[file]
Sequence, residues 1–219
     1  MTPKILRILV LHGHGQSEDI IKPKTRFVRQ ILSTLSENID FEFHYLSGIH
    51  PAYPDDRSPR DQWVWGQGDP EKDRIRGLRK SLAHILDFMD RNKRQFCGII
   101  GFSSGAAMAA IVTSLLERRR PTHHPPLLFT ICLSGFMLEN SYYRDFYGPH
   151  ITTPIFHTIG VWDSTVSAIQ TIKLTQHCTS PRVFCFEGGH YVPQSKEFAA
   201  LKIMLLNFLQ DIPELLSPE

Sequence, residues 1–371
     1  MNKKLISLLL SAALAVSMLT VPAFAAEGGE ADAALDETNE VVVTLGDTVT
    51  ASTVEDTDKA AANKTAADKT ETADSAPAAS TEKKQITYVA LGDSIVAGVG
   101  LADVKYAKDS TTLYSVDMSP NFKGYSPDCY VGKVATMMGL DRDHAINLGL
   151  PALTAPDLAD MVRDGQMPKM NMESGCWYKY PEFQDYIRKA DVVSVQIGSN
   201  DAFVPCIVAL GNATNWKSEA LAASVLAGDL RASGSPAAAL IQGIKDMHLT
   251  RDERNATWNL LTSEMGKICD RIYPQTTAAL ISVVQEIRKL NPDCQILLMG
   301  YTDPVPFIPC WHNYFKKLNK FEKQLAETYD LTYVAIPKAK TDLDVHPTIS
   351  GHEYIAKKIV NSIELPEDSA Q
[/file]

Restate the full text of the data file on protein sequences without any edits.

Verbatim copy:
Sequence, residues 1–219
     1  MTPKILRILV LHGHGQSEDI IKPKTRFVRQ ILSTLSENID FEFHYLSGIH
    51  PAYPDDRSPR DQWVWGQGDP EKDRIRGLRK SLAHILDFMD RNKRQFCGII
   101  GFSSGAAMAA IVTSLLERRR PTHHPPLLFT ICLSGFMLEN SYYRDFYGPH
   151  ITTPIFHTIG VWDSTVSAIQ TIKLTQHCTS PRVFCFEGGH YVPQSKEFAA
   201  LKIMLLNFLQ DIPELLSPE

Sequence, residues 1–371
     1  MNKKLISLLL SAALAVSMLT VPAFAAEGGE ADAALDETNE VVVTLGDTVT
    51  ASTVEDTDKA AANKTAADKT ETADSAPAAS TEKKQITYVA LGDSIVAGVG
   101  LADVKYAKDS TTLYSVDMSP NFKGYSPDCY VGKVATMMGL DRDHAINLGL
   151  PALTAPDLAD MVRDGQMPKM NMESGCWYKY PEFQDYIRKA DVVSVQIGSN
   201  DAFVPCIVAL GNATNWKSEA LAASVLAGDL RASGSPAAAL IQGIKDMHLT
   251  RDERNATWNL LTSEMGKICD RIYPQTTAAL ISVVQEIRKL NPDCQILLMG
   301  YTDPVPFIPC WHNYFKKLNK FEKQLAETYD LTYVAIPKAK TDLDVHPTIS
   351  GHEYIAKKIV NSIELPEDSA Q